Wednesday, April 2, 2014
Atua Bear and disillusionment with a discipline
There are some discipline-specific issues that have also contributed to my resentment. My field has a naturalist versus anti-naturalist debate in which the naturalist folks dominate: if you want a dissertation and if you want to publish in the top tier journals, then you need data.
Admittedly, I bought into the naturalist world: I use data, I predict, and I generalize. I was trained to do so as my coursework entailed extensive methods training in both quantitative and qualitative methods. I’ve even become a “great” critic—that is, in part, what we’re taught to do in grad school. But, because of all of this, I’ve become disinterested; I’ve forgotten why I wanted to earn a PhD in my field.
I have concluded that my graduate studies, like my research questions, are victims of naturalism: there can be no creative thinking about (ever-changing, endogenous) phenomena because every phenomena needs to be simplified for a model, to something that can ultimately be predicted, generalized, aggregated, replicated.
This past fall, however, I took a life-changing methods course. The course was not about discussing the number of observations or cases in the data set. It was not about whether there was enough “control” or “internal validity” or “external validity” in the study. The implicit goal, for once, was not to simplify. Rather, the course included discussions on: ethnography (though it was not a field methods course); flipping everyday phenomena on their head; questioning common definitions in the discipline; critiquing simplification and aggregation; seeing and interpreting power relations where we have ignored them; looking beyond the western lens that deems “different” as “archaic” or “incompatible.”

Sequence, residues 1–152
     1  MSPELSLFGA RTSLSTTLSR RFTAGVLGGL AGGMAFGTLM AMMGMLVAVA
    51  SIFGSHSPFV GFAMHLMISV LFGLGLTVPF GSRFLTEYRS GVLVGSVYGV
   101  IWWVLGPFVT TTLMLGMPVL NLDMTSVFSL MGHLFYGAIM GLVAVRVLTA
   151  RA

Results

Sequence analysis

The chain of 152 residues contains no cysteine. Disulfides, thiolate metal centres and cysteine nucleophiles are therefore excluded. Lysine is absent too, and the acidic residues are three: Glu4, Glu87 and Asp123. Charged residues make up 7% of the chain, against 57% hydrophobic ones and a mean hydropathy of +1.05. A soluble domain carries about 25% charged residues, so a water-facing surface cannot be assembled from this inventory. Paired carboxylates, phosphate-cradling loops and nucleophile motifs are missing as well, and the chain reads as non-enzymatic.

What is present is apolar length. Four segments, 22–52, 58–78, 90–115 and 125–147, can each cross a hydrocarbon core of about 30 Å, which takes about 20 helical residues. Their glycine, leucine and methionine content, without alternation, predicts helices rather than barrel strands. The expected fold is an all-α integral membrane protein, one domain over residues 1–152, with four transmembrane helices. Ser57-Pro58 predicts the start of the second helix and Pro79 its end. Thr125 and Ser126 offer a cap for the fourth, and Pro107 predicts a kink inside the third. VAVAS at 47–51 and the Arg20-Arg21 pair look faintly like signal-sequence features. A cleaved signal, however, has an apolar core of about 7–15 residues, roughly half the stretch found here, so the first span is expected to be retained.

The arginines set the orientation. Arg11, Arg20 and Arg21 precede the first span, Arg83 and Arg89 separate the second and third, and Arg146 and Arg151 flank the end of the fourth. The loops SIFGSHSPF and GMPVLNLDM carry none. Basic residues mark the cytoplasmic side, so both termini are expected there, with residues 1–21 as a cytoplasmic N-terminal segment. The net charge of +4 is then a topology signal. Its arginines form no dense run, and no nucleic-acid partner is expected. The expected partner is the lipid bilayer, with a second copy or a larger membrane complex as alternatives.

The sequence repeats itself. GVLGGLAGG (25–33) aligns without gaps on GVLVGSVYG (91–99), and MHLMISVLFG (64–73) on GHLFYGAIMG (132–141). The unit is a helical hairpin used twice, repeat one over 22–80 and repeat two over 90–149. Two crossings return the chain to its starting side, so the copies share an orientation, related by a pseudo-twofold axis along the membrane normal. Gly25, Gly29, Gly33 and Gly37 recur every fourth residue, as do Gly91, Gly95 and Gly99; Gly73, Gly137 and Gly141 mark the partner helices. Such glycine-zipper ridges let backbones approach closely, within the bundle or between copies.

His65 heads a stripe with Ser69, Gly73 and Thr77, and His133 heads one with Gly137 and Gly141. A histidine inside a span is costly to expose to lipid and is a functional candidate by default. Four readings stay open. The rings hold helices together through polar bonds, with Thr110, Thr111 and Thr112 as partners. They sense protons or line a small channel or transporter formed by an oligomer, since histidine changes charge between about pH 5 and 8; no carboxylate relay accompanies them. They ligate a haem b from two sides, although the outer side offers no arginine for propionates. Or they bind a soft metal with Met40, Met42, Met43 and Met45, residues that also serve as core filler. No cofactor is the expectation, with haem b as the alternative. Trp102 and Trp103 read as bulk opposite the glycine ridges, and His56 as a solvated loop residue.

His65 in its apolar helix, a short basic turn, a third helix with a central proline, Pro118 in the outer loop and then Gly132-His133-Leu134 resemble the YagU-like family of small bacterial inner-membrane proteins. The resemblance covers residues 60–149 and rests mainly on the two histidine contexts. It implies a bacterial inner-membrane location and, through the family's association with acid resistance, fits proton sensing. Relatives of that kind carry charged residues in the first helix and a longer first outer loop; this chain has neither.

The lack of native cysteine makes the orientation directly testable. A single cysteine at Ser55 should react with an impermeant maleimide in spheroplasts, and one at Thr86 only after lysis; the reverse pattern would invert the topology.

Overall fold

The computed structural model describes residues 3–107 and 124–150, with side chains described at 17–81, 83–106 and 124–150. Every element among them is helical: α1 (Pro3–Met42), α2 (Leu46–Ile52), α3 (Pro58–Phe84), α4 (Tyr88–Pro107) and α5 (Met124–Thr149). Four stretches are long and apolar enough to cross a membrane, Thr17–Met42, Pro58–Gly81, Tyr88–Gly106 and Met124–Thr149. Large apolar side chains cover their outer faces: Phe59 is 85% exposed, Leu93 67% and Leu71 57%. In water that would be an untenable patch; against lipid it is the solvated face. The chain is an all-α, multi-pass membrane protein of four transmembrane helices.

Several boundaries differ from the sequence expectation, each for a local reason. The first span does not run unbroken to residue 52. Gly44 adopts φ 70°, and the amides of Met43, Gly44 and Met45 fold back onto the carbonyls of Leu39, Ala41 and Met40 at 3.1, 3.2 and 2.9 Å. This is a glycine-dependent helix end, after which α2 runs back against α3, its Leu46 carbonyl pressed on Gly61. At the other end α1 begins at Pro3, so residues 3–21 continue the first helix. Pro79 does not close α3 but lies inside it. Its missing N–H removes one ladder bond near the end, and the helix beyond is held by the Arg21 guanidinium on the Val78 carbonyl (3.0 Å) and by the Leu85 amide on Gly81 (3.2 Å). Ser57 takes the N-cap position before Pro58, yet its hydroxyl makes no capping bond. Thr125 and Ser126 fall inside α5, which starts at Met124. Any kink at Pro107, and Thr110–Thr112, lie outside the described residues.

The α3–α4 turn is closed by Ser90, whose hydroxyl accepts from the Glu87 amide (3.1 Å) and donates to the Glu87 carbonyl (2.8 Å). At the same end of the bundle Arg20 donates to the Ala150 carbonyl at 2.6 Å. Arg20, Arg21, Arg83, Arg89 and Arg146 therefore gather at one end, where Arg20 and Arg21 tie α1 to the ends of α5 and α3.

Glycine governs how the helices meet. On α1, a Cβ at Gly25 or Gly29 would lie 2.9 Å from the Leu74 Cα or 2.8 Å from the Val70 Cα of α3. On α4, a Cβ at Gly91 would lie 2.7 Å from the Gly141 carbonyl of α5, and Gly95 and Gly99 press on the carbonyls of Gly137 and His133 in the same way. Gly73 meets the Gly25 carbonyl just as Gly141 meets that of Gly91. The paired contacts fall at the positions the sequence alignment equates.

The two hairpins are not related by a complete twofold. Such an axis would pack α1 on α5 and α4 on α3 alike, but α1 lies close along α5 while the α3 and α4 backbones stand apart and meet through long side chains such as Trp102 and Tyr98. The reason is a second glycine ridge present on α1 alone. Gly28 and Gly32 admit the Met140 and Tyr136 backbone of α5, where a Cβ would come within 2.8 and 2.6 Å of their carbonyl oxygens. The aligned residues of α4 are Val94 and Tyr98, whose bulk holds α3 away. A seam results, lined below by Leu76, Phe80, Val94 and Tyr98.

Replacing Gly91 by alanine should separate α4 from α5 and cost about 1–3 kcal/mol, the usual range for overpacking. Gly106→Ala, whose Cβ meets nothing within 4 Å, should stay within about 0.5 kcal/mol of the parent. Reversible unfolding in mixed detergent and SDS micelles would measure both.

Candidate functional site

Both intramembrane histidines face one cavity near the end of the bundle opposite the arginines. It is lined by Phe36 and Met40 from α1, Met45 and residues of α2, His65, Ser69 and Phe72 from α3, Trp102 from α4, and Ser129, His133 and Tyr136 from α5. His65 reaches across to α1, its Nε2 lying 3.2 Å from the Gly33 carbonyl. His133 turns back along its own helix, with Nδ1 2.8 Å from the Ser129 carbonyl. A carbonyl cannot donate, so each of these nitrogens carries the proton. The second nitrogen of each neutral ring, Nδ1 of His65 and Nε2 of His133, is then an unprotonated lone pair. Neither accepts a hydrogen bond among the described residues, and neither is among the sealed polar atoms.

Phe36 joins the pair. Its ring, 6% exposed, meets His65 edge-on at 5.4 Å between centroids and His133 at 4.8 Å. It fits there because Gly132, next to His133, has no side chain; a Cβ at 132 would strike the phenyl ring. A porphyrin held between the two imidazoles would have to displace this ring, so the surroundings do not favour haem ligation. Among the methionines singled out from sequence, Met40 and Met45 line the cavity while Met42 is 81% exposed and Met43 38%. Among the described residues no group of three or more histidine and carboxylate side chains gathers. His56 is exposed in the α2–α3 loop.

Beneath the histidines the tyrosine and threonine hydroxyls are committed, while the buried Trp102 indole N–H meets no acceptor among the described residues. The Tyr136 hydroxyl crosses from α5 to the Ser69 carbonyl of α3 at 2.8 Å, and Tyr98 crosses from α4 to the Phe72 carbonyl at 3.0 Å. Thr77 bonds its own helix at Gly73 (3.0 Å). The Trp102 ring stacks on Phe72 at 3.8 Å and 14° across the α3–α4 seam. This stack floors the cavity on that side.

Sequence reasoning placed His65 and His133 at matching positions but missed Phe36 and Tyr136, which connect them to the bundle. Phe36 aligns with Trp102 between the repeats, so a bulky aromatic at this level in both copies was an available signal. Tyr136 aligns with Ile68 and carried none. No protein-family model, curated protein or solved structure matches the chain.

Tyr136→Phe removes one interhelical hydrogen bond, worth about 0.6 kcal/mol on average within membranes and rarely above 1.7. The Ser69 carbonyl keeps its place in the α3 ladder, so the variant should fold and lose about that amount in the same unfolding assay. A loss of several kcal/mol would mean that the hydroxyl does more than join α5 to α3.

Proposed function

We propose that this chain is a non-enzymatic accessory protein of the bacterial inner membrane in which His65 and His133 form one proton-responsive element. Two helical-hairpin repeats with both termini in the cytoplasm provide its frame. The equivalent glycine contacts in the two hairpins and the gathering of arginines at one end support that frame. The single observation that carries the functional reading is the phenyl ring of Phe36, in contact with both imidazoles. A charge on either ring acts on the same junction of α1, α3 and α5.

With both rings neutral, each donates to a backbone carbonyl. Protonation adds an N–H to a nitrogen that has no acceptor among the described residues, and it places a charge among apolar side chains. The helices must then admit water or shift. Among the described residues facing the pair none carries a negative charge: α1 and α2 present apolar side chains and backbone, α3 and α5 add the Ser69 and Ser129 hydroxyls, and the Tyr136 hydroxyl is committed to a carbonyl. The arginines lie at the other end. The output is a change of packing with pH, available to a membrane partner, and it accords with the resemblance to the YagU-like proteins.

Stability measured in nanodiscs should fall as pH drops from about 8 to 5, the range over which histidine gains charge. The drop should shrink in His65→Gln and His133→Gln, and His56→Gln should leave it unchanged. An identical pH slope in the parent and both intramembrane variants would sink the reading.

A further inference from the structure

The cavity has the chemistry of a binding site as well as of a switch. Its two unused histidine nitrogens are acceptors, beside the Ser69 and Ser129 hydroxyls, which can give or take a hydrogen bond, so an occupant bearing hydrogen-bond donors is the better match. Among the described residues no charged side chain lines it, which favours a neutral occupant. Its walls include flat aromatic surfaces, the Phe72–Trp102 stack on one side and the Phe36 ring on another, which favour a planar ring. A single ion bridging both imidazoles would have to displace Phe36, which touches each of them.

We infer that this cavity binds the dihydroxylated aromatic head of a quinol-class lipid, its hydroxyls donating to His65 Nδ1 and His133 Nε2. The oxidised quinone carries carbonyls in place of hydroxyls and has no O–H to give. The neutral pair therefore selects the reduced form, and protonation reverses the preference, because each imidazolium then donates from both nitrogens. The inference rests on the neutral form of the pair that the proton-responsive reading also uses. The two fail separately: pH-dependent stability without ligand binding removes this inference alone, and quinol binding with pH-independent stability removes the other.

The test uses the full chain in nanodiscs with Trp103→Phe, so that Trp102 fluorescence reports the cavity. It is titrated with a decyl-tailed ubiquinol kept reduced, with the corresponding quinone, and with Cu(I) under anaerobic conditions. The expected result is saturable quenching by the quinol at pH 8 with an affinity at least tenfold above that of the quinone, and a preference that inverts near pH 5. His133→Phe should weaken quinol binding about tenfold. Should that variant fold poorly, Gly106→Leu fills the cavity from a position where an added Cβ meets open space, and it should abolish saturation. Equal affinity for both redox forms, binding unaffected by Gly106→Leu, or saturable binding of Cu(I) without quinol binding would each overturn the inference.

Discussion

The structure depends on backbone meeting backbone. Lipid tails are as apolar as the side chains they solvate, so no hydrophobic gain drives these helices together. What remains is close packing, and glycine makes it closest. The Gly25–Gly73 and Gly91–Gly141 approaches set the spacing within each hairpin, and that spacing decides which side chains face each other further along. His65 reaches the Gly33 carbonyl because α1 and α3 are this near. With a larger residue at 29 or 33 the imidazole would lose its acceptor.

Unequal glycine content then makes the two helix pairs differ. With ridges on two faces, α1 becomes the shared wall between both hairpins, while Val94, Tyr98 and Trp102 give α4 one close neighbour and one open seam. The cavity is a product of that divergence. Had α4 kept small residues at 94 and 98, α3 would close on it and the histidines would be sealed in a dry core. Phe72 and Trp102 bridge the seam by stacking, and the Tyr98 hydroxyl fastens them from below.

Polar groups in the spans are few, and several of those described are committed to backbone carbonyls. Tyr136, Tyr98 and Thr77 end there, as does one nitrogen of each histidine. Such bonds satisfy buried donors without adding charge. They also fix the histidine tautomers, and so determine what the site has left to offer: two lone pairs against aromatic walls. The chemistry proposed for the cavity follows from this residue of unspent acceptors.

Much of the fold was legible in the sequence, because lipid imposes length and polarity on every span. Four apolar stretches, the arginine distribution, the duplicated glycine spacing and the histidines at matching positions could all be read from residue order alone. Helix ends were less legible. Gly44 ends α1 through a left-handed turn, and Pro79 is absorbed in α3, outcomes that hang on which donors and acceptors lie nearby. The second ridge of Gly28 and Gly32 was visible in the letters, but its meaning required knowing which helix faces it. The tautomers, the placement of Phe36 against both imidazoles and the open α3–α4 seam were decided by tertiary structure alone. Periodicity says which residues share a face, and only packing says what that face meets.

This class made me realize that the most interesting questions are not always conducive to simplifying models with an independent and dependent variable. I am finally unlearning what I have learned in order to start asking those interesting, curious questions that originally led me to graduate school. Am I rebelling against the discipline? I hope this isn’t interpreted as such. I don’t plan to run amok of research design (I won’t get a dissertation if I do that), but I’m no longer letting the naturalist paradigm restrict my intellectual curiosity. Just because something cannot be an independent variable, does not mean it is not worth studying.
I hope I can one day teach this course, and maybe help a lost soul find the light once again.
-- Atua Bear